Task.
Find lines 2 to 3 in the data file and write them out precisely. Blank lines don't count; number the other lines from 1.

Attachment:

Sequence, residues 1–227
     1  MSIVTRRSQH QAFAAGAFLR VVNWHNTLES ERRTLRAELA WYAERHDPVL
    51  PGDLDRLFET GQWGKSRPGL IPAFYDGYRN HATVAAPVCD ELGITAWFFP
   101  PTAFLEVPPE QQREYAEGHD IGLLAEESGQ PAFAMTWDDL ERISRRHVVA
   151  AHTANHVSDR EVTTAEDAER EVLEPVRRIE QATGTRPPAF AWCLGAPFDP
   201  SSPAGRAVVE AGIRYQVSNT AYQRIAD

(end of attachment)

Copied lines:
     1  MSIVTRRSQH QAFAAGAFLR VVNWHNTLES ERRTLRAELA WYAERHDPVL
    51  PGDLDRLFET GQWGKSRPGL IPAFYDGYRN HATVAAPVCD ELGITAWFFP